I'm looking for a way to generate a row, lets say of 12 elements (0-11), in a random order, but without repetition of the elements. If I use [random 12] I obviously can have the same number more than once. Any suggestion?
OK, I found the object for that : [urn]
i had a go with vanilla and lists to make that. I didn't test it to see how completely random it ends up being, but from what i see, it seems to work ok.
this is not an exact copy of [urn], but i never liked the way that object worked, so this is just a concise vanilla patch that outputs a list of n integers with random non-repeated values up to value n-1.
you can write the list values to a table if you want to read them using [tabread]
(oh, you probably wanna take the [print] object off if you use that...)
Wow, that's a great solution. beautiful.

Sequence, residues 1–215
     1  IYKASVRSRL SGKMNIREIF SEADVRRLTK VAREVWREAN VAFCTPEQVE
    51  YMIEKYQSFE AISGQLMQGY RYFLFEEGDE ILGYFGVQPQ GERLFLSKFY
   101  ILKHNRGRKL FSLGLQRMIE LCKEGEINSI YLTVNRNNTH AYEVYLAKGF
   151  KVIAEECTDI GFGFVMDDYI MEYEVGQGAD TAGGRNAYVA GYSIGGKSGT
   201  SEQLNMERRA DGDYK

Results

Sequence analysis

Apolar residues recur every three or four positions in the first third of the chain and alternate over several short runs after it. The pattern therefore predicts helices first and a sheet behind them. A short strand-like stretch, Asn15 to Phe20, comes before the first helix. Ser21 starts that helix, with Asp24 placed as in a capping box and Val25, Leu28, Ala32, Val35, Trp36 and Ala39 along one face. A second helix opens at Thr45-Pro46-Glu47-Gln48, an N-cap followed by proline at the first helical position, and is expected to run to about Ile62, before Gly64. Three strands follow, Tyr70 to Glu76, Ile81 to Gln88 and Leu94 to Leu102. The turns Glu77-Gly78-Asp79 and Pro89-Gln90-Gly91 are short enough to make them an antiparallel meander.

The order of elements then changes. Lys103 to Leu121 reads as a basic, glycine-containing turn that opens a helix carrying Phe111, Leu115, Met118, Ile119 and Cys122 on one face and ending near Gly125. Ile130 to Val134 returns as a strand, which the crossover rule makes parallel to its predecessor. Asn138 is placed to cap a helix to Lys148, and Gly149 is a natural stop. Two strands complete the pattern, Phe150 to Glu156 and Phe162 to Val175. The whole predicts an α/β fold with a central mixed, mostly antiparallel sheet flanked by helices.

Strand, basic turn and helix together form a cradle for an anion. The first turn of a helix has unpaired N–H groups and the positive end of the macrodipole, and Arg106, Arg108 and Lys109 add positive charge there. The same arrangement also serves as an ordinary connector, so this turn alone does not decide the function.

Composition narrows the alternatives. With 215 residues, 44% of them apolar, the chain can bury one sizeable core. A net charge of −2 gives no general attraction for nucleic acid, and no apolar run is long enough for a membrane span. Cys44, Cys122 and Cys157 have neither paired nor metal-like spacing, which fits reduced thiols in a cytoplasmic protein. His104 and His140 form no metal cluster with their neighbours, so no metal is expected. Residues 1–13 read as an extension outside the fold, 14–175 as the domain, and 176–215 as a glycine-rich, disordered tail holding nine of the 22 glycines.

Why is it vanilla? I mean, I don't exactly what vanilla is, but it works on my Pd which is not.
What's the [f $0] stands for? I know that the [f $1] is the first creation argument in the abstraction...
Thanks a lot
it's vanilla because it uses just the basic PD objects, and doesn't rely on any external libraries from pd-extended etc. That makes it easier to use with IOS applications, etc, where licensing is an issue.
[f $0] is just a float of the $0 value. This value is unique to every individual patch or abstraction loaded in pd at one time. So, for example, if you have some abstraction named [sampleANDhold] or something like that; then every new instance of that abstraction loaded after PD is opened will have a different $0 value. Usually $0 starts at about 1000, and counts up from there. The main thing though, is that every new patch or abstraction opened will have a new $0 value until you close PD and open it again.
So, the reason why i use $0 in this patch, is to seed the [random] object.
If every instance of this abstraction uses a different $0 value, then every instance will use a different seed for [random]
otherwise, it would give the same 'random' sequence every time it is used.
Thanks a lot for a very clear explanation. Got it.